Ukraine update: Russia stokes fear of false-flag campaign, saying Ukraine may use chemical warfare

by Chris Lange

Chris Lange, FISM News


Moscow sent a letter to the United Nations on Monday detailing allegations that Kyiv is planning to use a “dirty bomb” on its own territory, though Ukraine and the West have dismissed the claim as a set-up for a false flag operation whereby Russia would blame Ukraine for its own use of such a device. A dirty bomb consists of conventional explosives as well as radioactive material. 

“We will regard the use of the dirty bomb by the Kyiv regime as an act of nuclear terrorism,” Russia’s U.N. Ambassador Vassily Nebenzia told U.N. Secretary-General Antonio Guterres and the Security Council in the letter.

“These allegations are false,” a senior Defense Department official told reporters at the Pentagon today.

“The world would see through any attempt to use this allegation as a pretext for escalation,” the official continued while reiterating that the U.S. has so far not seen any evidence that Russia is planning “to employ nuclear weapons.” 

The White House has publicly tried to downplay the risk of nuclear warfare and calm public fears after President Joe Biden stoked fears of a “nuclear Armageddon” earlier this month.

“He is not joking when he talks about the potential use of tactical and nuclear weapons, or biological or chemical weapons, because his military is, you might say, significantly underperforming. It’s part of Russian doctrine that they will not — they will not — if the motherland is threatened, they’ll use whatever force they need, including nuclear weapons,” Biden said at the time.

Defense Secretary Lloyd Austin and Russian Minister Sergey Shoigu had spoken by phone on Friday and again on Monday, according to the official, who said that Austin had also been in contact with Ukraine’s Defense Minister Oleksii Reznikov to discuss the situation.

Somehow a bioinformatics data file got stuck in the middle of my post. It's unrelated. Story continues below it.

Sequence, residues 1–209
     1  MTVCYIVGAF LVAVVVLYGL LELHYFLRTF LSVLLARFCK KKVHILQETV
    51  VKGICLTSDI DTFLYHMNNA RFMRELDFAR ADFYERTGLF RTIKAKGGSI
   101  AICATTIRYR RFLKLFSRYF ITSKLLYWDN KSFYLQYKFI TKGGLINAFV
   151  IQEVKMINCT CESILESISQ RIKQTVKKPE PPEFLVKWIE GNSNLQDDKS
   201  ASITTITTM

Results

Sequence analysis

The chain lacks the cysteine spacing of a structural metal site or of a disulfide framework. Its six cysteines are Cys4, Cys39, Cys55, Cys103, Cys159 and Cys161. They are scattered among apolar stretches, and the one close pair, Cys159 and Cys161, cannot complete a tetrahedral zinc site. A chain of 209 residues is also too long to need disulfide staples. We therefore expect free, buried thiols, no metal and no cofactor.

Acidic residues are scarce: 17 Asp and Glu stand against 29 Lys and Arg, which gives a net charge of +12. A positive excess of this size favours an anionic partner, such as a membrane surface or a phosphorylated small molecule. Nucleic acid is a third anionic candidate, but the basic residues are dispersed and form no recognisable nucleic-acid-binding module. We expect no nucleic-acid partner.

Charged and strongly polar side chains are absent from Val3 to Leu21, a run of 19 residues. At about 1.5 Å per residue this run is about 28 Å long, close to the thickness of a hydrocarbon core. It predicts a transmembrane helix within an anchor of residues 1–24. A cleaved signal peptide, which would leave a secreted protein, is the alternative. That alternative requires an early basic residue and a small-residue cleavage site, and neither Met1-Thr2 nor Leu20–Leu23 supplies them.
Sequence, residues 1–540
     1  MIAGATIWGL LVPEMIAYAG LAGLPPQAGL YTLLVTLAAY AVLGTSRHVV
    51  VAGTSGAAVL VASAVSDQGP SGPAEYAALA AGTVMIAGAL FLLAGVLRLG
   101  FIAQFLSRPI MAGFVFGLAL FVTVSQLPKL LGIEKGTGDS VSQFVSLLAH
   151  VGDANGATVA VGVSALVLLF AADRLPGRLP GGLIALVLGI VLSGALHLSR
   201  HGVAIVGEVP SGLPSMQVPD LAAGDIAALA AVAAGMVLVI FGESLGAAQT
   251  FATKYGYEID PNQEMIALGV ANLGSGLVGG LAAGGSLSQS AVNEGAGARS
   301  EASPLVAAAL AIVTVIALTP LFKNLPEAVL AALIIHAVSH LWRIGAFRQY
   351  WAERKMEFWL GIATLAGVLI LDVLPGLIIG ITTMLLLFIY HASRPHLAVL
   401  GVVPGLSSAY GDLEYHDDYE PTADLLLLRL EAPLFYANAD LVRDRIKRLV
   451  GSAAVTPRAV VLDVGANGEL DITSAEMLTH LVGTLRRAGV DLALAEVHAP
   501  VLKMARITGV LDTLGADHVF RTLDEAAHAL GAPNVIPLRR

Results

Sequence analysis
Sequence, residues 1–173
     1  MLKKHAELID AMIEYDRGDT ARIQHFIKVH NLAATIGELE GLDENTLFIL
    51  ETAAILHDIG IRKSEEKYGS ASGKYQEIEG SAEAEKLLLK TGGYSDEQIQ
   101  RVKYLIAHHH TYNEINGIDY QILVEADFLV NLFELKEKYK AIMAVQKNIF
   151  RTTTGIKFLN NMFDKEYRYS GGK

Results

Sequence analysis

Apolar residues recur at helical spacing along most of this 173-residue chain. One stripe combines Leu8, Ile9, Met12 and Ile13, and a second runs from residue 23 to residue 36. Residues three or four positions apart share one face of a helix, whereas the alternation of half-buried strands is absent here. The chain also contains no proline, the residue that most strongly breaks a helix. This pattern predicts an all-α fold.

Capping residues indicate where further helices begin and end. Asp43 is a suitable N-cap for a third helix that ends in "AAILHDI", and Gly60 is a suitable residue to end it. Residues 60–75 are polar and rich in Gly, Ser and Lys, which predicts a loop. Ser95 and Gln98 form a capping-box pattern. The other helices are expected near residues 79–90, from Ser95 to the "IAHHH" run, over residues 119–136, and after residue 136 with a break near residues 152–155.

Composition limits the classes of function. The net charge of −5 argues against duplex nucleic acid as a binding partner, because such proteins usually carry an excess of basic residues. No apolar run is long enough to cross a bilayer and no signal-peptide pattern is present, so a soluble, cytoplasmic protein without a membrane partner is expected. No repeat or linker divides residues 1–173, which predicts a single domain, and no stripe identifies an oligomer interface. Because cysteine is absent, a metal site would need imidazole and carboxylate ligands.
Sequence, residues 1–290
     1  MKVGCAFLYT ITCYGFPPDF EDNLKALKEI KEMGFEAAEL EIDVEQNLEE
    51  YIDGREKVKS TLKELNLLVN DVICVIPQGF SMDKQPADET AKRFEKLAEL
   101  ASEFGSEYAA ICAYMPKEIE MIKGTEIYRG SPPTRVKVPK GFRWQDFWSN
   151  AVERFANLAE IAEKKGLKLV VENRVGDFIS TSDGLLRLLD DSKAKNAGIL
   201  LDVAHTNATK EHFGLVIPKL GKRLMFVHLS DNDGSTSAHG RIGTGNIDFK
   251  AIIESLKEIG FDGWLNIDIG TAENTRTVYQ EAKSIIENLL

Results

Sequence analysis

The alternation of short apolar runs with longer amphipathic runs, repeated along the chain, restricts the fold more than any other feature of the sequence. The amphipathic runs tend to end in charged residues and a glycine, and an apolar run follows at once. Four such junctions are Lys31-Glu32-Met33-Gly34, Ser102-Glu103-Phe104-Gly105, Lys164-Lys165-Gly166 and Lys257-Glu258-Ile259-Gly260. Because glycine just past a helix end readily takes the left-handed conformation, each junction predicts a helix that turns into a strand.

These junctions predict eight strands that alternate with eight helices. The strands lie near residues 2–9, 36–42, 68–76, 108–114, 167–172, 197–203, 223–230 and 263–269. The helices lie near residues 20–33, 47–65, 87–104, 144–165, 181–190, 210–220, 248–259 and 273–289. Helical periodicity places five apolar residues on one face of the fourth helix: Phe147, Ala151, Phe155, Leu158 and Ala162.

“You can expect to see a series of phone calls with allies and partners in the days ahead, as well,” the official added. 

U.S. State Dept. spokesperson Ned Price told reporters on Monday that there would be consequences for Russia if it uses a dirty bomb in Ukraine or any other nuclear weapon. “It would certainly be another example of President Putin’s brutality if he were to use a so-called ‘dirty bomb.’ There would be consequences for Russia whether it uses a ‘dirty bomb’ or a nuclear bomb. We’ve been very clear about that,” Price said at a press briefing.

He added that it was important that Moscow know the “profound nature of the consequences” that would befall the country should it engage in nuclear use.

He did not detail those consequences nor say whether they would be different depending on the type of weapon.

Price said that the U.S. has not seen any reason to adjust its own nuclear posture.

U.S. considers sending HAWK air defense systems

Reuters reported that the Biden administration is reportedly considering sending stored HAWK interceptor air defense missiles to Ukraine to help it defend itself against ongoing Russian cruise missile and drone attacks, citing two U.S. officials.

The HAWK equipment would be an upgrade to the Stinger missile systems the U.S. has already provided to Kyiv, though the officials said that U.S. PATRIOT missiles remain off the table for Ukraine.

Speaking on condition of anonymity, the officials said that the Biden administration would use the Presidential Drawdown Authority (PDA) to transfer the HAWK systems to Kyiv. The PDA allows the administration to bypass congressional approval to respond to an emergency.

Russia continues evacuations in Kherson region

Meanwhile, Russian authorities have ordered civilians to evacuate Moscow-controlled territories in southern Ukraine along the Dnipro River where Kyiv forces have been advancing. 

Ukraine’s military said Kremlin-installed authorities in Kherson have been evacuating administrative facilities, banks, and emergency response workers. It also reported that Russians have been robbing and looting local residents and stealing Internet service provider equipment, among other items in the region. 

Kyrylo Budanov, Ukraine’s military spy chief, however, said that Russian forces are, in fact, preparing to defend Kherson city, not retreat.

“They are creating the illusion that all is lost. Yet at the same time they are moving new military units in and preparing to defend the streets of Kherson,” he told the Ukrainska Pravda online media outlet.

The Kherson region is Russia’s only stronghold in the province that bisects Ukraine and Crimea, which Russia illegally annexed in 2014. Its loss would represent a stunning and potentially crippling blow to the Kremlin.